Working with partner organisation Optus, Australia’s second largest telecommunication company, MIA set out in search of a solution that met these qualifications. This would eventually lead it to BlackBerry® Workspaces, an enterprise-grade platform for secure collaboration, file storage, and synchronisation. MIA deployed Workspaces with help from BlackBerry® Professional Services.
Efficiency, Security, Convenience
“Many organisations such as ours are already confident about in-house security. But we also needed a way to protect data after it leaves the building,” explains White. “The importance of visibility, control, and tracking – and the ability to revoke access to information we no longer want to share with an entity – is absolutely vital.”
Initially, Melanoma Institute Australia rolled out BlackBerry Workspaces to its clinical trials department. Research teams and clinicians are now able to freely share even the most sensitive data both nationally and internationally, without worrying about security or compliance, and with minimal training. According to White, some international clinicians began using Workspaces during the initial pilot with no guidance from his team.
BlackBerry Workspaces has since become an integral part of how MIA collaborates at all levels and is used to share information with sources such as its radiology and imaging departments at different hospitals. It has also leveraged the solution to greatly improve efficiency and patient outcomes at its clinics.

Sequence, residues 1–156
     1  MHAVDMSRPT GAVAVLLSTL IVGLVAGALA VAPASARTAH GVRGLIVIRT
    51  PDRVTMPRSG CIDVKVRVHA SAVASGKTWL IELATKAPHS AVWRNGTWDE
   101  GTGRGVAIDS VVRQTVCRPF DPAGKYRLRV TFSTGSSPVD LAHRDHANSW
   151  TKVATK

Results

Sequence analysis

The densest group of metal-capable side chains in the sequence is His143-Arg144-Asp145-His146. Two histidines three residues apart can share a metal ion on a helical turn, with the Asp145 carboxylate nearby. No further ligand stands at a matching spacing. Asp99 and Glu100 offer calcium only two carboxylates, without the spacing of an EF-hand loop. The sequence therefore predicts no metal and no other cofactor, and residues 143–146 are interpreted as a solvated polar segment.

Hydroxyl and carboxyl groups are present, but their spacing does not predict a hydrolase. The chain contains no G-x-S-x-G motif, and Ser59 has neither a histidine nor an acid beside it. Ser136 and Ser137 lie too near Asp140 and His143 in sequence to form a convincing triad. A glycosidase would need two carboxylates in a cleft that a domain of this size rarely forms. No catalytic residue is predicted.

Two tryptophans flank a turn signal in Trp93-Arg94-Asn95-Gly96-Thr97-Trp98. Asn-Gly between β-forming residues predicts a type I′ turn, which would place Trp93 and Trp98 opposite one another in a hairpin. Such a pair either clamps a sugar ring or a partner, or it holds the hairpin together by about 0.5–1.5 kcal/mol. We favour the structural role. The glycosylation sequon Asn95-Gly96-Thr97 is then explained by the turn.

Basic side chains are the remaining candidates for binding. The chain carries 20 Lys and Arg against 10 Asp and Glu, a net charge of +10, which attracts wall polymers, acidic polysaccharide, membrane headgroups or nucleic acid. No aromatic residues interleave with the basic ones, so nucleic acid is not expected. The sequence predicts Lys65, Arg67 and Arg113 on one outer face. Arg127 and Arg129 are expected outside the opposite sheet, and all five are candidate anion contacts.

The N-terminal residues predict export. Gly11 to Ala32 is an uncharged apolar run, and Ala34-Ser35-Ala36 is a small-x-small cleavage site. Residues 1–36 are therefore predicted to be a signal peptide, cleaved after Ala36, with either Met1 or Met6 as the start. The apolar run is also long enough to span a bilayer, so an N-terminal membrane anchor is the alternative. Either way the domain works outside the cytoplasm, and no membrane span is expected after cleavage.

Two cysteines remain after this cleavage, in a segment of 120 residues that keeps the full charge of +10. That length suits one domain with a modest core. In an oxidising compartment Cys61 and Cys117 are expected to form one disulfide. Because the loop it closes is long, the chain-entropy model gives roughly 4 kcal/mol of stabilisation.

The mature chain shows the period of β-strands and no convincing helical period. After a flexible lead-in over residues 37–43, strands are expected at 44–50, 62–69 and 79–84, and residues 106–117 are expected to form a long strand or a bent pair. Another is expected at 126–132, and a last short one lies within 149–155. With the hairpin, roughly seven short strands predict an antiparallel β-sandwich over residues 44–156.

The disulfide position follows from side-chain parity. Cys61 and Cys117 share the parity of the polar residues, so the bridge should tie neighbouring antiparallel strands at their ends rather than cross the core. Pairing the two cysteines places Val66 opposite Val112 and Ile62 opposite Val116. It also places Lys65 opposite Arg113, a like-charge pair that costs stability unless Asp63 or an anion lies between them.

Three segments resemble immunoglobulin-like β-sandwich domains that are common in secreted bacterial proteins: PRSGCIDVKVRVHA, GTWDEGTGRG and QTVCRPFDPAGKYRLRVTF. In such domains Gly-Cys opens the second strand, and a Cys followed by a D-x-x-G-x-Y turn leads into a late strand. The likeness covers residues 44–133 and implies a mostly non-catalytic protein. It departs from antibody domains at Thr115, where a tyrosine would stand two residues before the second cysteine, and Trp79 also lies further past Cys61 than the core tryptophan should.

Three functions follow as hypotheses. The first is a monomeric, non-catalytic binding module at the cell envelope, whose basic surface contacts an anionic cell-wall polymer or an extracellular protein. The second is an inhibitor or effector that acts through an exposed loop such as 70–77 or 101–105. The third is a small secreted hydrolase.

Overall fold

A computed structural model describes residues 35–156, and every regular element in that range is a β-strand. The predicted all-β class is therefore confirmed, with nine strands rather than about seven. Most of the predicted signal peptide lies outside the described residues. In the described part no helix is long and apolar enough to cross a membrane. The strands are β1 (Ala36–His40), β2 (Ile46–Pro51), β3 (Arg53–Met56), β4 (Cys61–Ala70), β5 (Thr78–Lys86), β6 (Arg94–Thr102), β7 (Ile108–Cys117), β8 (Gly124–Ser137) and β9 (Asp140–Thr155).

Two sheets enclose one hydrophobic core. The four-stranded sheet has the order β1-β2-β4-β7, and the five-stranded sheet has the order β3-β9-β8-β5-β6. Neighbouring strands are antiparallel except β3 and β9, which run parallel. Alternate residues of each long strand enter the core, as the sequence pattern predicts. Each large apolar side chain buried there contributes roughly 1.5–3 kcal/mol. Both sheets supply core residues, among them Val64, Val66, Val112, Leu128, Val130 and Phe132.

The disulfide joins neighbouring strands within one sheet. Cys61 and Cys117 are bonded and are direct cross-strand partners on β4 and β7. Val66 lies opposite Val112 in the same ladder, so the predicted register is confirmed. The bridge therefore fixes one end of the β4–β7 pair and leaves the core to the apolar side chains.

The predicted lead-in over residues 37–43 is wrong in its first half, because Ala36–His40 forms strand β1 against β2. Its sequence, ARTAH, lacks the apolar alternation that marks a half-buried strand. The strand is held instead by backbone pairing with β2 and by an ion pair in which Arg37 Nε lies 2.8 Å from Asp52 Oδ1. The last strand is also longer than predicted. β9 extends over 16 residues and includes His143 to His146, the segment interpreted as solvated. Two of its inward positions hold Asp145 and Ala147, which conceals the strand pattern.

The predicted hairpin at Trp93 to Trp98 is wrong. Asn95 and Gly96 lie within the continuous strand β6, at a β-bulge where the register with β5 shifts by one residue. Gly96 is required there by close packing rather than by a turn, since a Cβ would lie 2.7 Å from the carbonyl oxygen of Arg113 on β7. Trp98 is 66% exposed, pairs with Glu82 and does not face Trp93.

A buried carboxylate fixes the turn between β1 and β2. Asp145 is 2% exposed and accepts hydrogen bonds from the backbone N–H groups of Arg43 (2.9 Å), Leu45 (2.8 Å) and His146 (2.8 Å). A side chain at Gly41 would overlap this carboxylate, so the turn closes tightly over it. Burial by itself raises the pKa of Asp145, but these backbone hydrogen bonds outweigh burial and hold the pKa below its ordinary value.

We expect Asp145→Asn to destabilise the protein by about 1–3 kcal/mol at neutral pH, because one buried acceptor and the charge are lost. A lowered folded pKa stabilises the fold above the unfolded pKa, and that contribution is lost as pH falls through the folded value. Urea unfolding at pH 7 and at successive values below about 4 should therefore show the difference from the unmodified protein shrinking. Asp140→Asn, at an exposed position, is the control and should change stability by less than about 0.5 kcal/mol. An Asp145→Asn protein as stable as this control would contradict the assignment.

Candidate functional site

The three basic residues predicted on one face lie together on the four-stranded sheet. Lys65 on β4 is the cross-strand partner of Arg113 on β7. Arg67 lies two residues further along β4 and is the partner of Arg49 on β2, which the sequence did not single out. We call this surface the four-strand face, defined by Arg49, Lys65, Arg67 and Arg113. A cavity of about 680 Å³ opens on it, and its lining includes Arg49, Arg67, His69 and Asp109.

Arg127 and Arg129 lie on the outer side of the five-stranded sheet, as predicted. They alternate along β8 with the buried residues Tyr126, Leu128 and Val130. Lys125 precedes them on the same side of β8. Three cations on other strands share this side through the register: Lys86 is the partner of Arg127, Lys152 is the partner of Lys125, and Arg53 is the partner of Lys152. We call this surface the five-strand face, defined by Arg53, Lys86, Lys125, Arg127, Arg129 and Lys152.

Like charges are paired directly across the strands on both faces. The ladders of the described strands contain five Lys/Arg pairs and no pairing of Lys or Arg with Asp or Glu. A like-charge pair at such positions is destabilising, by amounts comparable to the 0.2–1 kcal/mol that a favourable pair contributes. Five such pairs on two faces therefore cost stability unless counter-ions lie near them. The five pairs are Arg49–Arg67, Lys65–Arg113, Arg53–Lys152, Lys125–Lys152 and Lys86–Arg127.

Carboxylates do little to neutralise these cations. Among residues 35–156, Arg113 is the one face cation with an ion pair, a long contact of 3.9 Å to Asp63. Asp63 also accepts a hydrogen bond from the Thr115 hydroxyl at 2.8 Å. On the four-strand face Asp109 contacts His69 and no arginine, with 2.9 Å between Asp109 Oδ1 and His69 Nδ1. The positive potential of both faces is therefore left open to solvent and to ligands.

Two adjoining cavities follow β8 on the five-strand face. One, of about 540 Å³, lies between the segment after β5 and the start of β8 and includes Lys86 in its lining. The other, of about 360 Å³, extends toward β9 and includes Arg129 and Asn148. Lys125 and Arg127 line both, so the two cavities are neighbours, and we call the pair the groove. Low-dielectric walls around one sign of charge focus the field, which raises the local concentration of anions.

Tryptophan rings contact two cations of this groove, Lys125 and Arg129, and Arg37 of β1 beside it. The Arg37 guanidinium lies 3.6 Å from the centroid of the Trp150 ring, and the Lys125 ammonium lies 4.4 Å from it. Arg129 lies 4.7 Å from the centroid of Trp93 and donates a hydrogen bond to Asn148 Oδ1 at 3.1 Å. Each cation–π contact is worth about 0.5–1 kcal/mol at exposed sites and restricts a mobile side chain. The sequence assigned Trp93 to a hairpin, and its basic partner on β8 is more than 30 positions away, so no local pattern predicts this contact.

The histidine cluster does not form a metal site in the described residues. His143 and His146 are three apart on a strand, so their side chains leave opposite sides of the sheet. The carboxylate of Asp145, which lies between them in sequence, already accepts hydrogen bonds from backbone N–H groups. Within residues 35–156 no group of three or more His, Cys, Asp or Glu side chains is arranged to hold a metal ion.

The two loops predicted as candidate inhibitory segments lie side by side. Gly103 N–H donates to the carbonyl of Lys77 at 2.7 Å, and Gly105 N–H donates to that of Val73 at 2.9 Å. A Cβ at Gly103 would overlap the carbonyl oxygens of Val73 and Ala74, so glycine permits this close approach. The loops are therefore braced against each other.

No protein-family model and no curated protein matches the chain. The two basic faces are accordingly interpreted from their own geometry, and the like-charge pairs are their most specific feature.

“We use BlackBerry Workspaces for all aspects of our practice, and it’s made everything more efficient and more secure,” explains Miller. “For example, insurance claims used to require a great deal of time and effort. We used to have to mail them out with registered post and wait days or even weeks to hear back, but through BlackBerry Workspaces we can email them with a few clicks.”
Administrative work aside, MIA’s clinics also use BlackBerry Workspaces to securely share data with patients. In addition to aiding with compliance, this provides peace of mind for patients – some have expressed thanks to MIA for safeguarding their data, notes Miller. The practice also uses BlackBerry Workspaces Email Protector to protect all files sent via email, enabling safer communication without introducing inconvenience.
Through audit trails, Miller and her colleagues now also have confirmation when critical documents are received. There’s no longer a need to go through manual processes or chase down recipients to ensure they’re acting on what they’ve been sent. Moving forward, MIA is also considering a deployment of BlackBerry UEM for provisioning, device management, and policy management.
Moving Towards a Digital Future
Melanoma is a complex disease – it is not something that can be cured by the efforts of a single organisation. That’s why open collaboration across national and international borders is so important to Melanoma Institute Australia. It’s why MIA sought a platform that could allow it to do so while still protecting both patient and research data.
Through its partnership with BlackBerry, Melanoma has implemented a secure platform which its clinicians are comfortable using. It has incorporated a file sharing and collaboration tool that both enables and protects its research. BlackBerry is honored to have played a part in making this possible, and excited to see what the future holds for MIA.
5 https://www.news.com.au/technology/science/animals/horror-shark-attackand-fatality-statistics-show-how-deadly-australias-beaches-can-be/news-stor y/309116d58dd2336279d46cc20234ac87